Conceptual artwork, art movement that started in the Nineteen Sixties and stresses the artist’s idea fairly than the artwork object itself. Obviously, this position seems troublesome to defend in the case of conceptual artwork: when we are dealing with items reminiscent of Warhol’s Brillo Boxes, the place the inner evidence is clearly inadequate to discern that it is an paintings in the first place, plainly we have to know that Warhol meant the containers to be considered qua artwork, at the very least.
In the case of conceptual art, a satisfactory answer to (i) will likely appeal to components such because the narrative aids supplied by artists or curators (e.g. catalogues, titles, exhibited explanations, labels, etc.); the appropriate mode of perception (i.e. wanting or listening); and what we know concerning the artwork’s and artist’s social, historical, political or inventive context.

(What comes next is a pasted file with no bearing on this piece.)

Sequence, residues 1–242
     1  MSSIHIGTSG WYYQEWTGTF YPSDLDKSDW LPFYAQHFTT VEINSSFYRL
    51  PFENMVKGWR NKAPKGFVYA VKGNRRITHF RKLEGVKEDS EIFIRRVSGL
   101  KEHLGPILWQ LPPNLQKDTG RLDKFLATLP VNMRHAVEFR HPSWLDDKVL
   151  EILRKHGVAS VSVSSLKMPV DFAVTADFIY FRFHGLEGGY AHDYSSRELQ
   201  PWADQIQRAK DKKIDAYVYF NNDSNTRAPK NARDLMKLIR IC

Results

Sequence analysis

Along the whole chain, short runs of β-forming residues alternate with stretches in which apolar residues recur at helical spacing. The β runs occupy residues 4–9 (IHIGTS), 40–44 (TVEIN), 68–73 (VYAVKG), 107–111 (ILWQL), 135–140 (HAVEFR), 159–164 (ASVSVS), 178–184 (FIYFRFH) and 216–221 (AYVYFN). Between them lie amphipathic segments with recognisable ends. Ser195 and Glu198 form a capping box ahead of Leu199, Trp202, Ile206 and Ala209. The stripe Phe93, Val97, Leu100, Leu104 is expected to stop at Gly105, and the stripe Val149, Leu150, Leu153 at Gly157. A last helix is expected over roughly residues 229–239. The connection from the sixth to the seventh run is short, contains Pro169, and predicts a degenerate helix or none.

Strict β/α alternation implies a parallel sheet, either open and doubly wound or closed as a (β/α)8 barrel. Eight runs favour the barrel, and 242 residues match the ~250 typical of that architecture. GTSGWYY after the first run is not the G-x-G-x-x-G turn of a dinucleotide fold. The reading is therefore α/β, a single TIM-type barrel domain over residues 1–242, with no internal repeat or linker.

Since conceptual artwork inherently rejects materialistic illustration of artworks and it isn’t focused on materiality, many have connected conceptual artwork with Minimalism (for those who like minimalism, try our list of 10 minimalist artist ). However, conceptual artists rejected minimalism’s embrace of the conventions of sculpture and painting as mainstays of creative manufacturing.
Central to the philosophy of conceptual art is thus the provocative spirit of the undertaking beneath investigation – conceptual artwork throws down the gauntlet by difficult us to reconsider each side of artistic experience, and it might be up to philosophy to pick it up and deal with a few of the questions conceptual art makes its business to lift.
Whether one comes out of that investigation embracing a broader – albeit maybe vaguer – set of ideas and instruments than one began off with, or whether or not one considers oneself forced to desert any hope of anything however very particular theories of artwork, artist, and creative experience, conceptual artwork obliges us to consider where we stand on these issues.